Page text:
OrationThe oration is a speech given by the professor, when he or she takes office. When you want to refer to an oration according to the APA Style , you first have to find out if the oration is published or not. The oration is published It is common that a professor publishes his oration. That happens mostly via a pdf-document, which you can download from the internet. In that case you use the same notation as for a book. In square brackets you add [oration] to the reference. Oration APA-format AuthorLastName, Initials. (Year). TitleBook [Oration]. Retrieved from http://WebAddress In reference list Hagoort, G. (2007). Cultureel ondernemerschap [Oration]. Retrieved from http://binoq.nl/lib/Documenten/ cultureel%20ondernemerschap/Oratie_Hagoort.pdf In the text Research suggests that … (Hagoort, 2007). In the oration Hagoort (2007) found that … . Open example in the APA Citation Generator The oration is not published When the oration is not published, the speech is not accessible for a third party. In that case you can use the APA Style for “personal communication”. Personal communication APA-format Don't record in the reference list In reference list Don't record in the reference list In the text From the oration it was obvious that … (E. Smet, personal communication, September 22, 2015). E. Smet (personal communication, September 22, 2015) suggested that the problem could be solved by … .
PatentThe reference of a patent is different from the normal APA Style. The APA reference for a patent consists of four parts: the name of the inventor, the year in which the patent was issued, the unique patent identification number, and the name of the patent office. Patent APA-format Inventor Last Name, Initials. (Year Of Patent Issue). Patent Identifier No.. State, city: Patent Office Name In reference list Fry, A. L. (1993). U.S. Patent No. 5,194,299. Washington, DC: U.S. Patent and Trademark Office. In the text According to a patent on adhesive sheet material ... (U.S. Patent No. 5,194,299, 1993). A technique in Patent U.S. Patent No. 5,194,299 (1994) shows that ... .
PDF documentIt is possible to use PDF documents as a source in your thesis. For the right APA reference you first have to determine which kind of source it is. PDF documents can be books, reports, articles etc. For the right reference according to the APA Style you can find more information on the following sites: Book Journal Report
Press releaseAccording to the APA Style you can handle the reference of a press release in the same way as a normal internet source. After the title you should add ‘press release’ in square brackets. Press release (online) APA-format AuthorLastName, Initials. Or NameOrganization. (Year, Month day). TitlePressRelease [Press release]. Retrieved from: http://WebAddress In reference list The President’s Office. (2015, August 5). Vice President arrives in Egypt on official trip [Press release]. Retrieved from http://www.presidencymaldives.gov.mv/Index.aspx?lid=11&dcid=15744 In the text In 2015 President Ahmed Adeeb Abdul Ghafoor visited Egypt for x and y (The President’s Office, 2015). The President’s Office (2015) published a press release to ... . Open example in the APA Citation Generator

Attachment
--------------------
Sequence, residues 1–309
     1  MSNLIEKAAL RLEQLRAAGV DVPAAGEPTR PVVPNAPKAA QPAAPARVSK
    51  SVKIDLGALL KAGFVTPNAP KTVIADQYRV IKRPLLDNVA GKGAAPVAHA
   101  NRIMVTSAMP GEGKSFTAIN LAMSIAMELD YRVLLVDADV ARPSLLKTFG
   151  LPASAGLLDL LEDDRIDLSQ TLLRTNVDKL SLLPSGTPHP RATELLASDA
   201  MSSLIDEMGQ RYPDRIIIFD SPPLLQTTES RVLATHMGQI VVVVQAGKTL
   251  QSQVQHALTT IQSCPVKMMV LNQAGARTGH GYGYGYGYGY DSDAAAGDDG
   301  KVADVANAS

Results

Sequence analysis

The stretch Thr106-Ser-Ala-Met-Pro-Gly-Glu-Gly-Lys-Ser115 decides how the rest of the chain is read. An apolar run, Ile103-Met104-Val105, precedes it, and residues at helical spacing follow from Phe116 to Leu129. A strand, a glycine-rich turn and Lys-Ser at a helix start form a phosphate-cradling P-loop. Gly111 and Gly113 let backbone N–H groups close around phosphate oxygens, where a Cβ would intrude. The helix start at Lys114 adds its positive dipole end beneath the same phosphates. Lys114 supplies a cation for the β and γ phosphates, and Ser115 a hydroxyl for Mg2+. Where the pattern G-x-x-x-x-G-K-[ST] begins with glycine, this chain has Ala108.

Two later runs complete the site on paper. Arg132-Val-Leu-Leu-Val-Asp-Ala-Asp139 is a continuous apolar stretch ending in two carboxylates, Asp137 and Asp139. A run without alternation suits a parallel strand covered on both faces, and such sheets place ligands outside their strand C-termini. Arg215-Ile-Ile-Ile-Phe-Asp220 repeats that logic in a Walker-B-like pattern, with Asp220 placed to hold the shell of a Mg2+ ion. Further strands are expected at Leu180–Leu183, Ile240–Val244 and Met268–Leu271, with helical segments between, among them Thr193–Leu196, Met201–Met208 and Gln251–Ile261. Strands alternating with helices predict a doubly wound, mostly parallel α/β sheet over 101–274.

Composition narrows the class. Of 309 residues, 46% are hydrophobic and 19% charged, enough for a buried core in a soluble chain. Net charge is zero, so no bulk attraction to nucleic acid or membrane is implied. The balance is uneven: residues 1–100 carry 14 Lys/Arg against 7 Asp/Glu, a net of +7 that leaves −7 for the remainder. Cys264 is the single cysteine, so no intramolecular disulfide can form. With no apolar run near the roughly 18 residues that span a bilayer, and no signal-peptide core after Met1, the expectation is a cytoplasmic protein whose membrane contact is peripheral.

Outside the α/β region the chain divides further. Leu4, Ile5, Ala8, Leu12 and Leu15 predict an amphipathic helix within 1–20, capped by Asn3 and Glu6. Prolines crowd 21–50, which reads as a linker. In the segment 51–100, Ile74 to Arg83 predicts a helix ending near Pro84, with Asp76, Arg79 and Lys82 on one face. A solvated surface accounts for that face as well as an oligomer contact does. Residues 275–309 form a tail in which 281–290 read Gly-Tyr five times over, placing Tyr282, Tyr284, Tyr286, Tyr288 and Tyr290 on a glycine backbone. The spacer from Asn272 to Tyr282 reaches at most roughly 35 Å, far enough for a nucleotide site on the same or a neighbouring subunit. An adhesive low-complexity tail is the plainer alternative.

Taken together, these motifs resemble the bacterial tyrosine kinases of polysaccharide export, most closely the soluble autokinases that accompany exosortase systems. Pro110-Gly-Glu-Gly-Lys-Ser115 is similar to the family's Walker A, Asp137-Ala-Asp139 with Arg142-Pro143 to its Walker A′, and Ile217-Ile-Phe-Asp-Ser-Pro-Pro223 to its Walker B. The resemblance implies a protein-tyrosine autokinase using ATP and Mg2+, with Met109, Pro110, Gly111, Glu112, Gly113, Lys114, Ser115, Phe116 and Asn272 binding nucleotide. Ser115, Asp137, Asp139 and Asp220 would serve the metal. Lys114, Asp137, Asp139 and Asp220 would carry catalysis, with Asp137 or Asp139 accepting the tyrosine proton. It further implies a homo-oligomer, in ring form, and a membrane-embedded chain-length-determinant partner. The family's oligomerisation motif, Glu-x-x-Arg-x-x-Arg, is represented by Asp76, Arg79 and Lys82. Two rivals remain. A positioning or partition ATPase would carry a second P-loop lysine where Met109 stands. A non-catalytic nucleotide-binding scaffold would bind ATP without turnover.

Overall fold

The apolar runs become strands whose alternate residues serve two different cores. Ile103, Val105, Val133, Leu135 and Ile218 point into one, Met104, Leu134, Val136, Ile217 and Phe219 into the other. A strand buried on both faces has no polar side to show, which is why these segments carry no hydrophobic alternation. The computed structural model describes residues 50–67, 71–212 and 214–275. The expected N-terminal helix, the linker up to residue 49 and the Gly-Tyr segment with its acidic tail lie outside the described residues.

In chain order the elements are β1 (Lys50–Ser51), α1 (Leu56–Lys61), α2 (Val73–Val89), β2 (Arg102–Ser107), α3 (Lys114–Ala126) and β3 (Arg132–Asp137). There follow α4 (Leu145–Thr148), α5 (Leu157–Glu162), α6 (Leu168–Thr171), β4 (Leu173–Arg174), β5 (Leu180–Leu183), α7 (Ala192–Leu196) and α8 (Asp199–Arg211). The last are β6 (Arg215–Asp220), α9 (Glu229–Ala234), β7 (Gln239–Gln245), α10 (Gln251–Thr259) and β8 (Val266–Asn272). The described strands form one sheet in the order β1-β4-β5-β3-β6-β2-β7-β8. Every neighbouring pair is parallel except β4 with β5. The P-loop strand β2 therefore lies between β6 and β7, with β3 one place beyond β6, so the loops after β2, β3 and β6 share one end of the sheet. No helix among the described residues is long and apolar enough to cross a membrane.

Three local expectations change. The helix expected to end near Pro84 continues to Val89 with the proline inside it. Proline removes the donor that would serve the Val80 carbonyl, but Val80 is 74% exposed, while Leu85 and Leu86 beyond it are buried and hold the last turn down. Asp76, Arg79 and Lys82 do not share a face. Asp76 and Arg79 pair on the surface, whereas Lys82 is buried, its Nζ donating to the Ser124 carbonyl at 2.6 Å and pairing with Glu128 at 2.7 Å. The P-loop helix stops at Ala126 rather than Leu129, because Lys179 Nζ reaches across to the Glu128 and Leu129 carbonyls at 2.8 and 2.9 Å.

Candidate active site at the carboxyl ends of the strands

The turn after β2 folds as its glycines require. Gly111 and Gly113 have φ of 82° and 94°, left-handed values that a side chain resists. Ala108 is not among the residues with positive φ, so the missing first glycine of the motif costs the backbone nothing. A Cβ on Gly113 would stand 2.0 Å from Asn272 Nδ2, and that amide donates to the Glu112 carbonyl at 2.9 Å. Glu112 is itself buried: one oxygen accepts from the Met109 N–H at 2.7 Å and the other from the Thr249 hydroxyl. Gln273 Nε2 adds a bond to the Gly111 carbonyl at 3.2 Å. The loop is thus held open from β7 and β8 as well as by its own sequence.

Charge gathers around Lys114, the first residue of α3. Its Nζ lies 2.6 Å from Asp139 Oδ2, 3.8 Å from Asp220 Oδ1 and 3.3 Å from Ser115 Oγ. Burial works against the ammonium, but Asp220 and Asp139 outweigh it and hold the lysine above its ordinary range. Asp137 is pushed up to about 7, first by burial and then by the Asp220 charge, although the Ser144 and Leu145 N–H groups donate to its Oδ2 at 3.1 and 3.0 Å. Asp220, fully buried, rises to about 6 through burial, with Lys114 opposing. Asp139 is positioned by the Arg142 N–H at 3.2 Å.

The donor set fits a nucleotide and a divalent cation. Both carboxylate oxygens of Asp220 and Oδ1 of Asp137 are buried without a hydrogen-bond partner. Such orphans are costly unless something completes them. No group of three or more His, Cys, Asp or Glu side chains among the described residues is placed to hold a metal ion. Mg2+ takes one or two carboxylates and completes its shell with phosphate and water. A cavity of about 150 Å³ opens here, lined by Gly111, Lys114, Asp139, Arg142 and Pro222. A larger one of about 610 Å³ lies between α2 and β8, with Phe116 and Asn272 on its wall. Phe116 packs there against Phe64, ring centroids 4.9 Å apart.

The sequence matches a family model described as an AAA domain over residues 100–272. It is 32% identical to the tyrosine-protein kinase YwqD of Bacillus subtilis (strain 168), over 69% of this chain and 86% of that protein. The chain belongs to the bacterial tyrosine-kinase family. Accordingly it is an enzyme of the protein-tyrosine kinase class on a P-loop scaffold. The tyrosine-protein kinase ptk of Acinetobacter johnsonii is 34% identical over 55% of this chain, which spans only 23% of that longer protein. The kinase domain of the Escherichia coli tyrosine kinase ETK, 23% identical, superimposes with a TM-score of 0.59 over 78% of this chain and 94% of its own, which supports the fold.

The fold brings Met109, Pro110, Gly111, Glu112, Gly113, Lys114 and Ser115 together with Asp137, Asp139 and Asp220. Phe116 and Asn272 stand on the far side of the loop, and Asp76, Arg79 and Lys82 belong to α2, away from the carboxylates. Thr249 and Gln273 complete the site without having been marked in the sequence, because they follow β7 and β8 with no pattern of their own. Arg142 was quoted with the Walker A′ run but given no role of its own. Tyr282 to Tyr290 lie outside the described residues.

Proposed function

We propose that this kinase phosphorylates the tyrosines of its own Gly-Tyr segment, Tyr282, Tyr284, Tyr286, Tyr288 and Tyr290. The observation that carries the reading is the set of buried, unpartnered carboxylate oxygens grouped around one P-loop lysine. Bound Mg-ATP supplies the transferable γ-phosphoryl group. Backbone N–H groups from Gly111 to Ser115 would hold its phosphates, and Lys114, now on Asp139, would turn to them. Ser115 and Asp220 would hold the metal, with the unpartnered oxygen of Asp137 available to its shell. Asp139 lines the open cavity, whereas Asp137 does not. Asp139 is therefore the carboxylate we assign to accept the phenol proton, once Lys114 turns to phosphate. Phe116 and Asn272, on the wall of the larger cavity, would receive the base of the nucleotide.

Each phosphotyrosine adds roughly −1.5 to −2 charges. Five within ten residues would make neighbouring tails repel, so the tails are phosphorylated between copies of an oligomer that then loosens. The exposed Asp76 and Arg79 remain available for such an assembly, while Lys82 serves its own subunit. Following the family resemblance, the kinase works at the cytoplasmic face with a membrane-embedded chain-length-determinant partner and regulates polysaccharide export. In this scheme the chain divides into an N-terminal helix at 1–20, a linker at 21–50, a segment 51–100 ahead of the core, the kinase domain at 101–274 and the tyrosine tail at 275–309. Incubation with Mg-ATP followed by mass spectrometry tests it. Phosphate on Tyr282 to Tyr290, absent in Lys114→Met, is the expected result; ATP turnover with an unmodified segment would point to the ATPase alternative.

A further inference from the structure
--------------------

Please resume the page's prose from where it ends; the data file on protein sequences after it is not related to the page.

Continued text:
Radio/Tv-showWhen using information from a radio or TV show, you always have to add the producer of the show to your reference. The producer can normally be found on the website of the show. The APA Style for a radio/TV-show is different from the one for a commercial. Example radio-show in APA Style Radio APA-format LastName, Initials. (Function). (Year, Month Day). TitleEpisode [Format]. In FirstInitial LastNameProducer (Function). NameSeries. City, State/Country: Producer. In reference list Dane, F. T. (DJ). (2015, July 31). Lucille Werner manipulated Lingo [Radio Broadcast]. In P. Franssen (producer). Frank and Friday Show. Hilversum, The Netherlands: Radio 538. In the text According to the radio broadcast  'Lucille Werner manipulated Lingo' … (Dane, 2015). Dane (2015) suggested in the radio show 'Frank and Friday Show' that … . Example TV-show in APA Style  TV show APA-format LastName, Initials. (Function). (Year, Month Day). TitleEpisode [Format]. In FirstInitial LastNameProducer (Function). NameSeries. City, State/Country: Producer. In reference list Attenborough, D. F. (narrator). (2006, November 19). Jungles [TV-show]. In A. Fothergill (executive producer). Planet Earth. London, United Kingdom: BBC In the text According to the documentary  … (Attenborough, 2006). Attenborough (2006) suggested in the documentary 'Jungles' that … .